Down to details: Review of the draft Building and Development Certifiers Regulation 2019
The Building and Development Certifiers Act 2018 (Act), which we summarised in a previous article, has received assent but is yet to commence.
In anticipation of that, the New South Wales Government has released a public consultation draft of the Building and Development Certifiers Regulation 2019 (NSW) (Proposed Regulation), exhibited from 30 September until 28 October 2019.
The Government has previously said that its aim is to finalise and publish the Proposed Regulation by December 2019 and seek to commence the new statutory scheme from 1 July 2020.
What the Proposed Regulation does
The Proposed Regulation makes provision for a number of essential elements of the new legislative scheme dealing with:
- classes of registration available and respective power to carry out certain works
- qualification, skills and experience required for each class
- applicable continuing professional development requirements
- responsibility and independence of the certifiers
- new accreditation authority framework for professionals to carry out regulated works
- consumer protection in the contracts for certification work
- higher penalty notice amounts.
New classes of registration
The Act requires building surveyors, building inspectors and engineers to be to be registered by the Secretary of the Department of Customer Service (Secretary). The categories of accreditation have changed from the former categories under the Building Professionals Act 2005. The table below shows the new class or registration compared with the former category of accreditation:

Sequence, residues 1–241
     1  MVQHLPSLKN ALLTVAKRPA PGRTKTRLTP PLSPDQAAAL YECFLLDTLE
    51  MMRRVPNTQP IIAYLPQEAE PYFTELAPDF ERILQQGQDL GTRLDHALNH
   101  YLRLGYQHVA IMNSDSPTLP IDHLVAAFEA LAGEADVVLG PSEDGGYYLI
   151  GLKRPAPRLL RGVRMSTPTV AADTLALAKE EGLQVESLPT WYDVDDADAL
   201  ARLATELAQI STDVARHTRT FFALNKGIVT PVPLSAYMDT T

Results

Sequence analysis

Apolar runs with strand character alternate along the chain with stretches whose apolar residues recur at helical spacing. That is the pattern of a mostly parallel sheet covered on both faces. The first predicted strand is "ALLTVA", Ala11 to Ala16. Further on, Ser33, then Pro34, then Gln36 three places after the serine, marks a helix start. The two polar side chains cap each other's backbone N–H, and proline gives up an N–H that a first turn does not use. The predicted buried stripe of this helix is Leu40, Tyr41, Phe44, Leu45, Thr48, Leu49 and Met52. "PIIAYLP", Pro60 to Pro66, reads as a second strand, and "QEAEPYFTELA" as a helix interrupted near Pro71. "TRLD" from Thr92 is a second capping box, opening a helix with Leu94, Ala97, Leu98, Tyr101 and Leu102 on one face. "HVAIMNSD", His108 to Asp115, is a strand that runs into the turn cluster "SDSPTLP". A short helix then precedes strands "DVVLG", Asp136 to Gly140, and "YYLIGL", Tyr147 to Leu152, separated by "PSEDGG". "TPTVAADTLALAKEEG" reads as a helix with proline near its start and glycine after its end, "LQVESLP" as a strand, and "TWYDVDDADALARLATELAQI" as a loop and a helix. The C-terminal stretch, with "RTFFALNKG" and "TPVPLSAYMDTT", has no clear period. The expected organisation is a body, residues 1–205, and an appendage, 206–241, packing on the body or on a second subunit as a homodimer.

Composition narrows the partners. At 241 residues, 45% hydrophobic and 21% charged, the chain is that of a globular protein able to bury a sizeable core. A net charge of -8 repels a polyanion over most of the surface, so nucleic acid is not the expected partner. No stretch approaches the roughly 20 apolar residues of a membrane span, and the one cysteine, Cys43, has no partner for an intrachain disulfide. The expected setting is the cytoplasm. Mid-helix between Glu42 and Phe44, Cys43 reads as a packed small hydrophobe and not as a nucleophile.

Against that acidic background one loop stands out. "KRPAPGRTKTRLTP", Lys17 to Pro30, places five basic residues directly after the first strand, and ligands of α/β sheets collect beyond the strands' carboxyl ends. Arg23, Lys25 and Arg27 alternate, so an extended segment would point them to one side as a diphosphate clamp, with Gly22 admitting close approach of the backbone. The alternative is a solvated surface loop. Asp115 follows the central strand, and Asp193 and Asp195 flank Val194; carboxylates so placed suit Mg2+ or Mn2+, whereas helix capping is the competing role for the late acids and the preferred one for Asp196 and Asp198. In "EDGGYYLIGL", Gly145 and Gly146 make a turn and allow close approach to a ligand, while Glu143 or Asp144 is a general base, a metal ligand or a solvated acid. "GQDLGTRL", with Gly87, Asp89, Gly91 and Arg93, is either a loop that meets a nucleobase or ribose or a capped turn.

The Schedule 3 of the Proposed Regulation outlines the qualifications and experience required for each class of registration. The applicant must have the qualifications and experience at least equivalent to those specified, and first time applicants must complete a registration exam conducted by the Secretary. Registered certifiers must complete the continuing professional development requirements.
The Secretary may also require applicants to have successfully completed recognised training under approved training program which are monitored by NSW Fair Trading, and the public consultation inquires whether the Secretary should be granted a discretion to require an applicant to complete additional training.
The Proposed Regulation redefines the certifiers’ responsibility by expanding the definition of the certification work to include supervision of works carried out by other certifiers if there are relevant conditions on the registration, and inserting a code of conduct which will attract penalty.
The code of conduct under the Proposed Regulation that applies to the registered certifiers includes a duty to:
- act in public interest
- abide by standards expected by the community
- act within level of competence, expertise and area of registration
- maintain satisfactory level of competence
- avoid conflicts of interest
- not misinform or mislead
- obtain and consider all facts
- document reasons for decisions
- maintain confidentiality
- ensure any certification work carried out under supervision is carried out competently.
Conflicts of interest and consumer protection
The new regime propose to restore the public confidence to the certifiers by enhancing their independence, as the Act prohibits the certifiers from carrying out certain works if they have a conflict of interest in the certification work.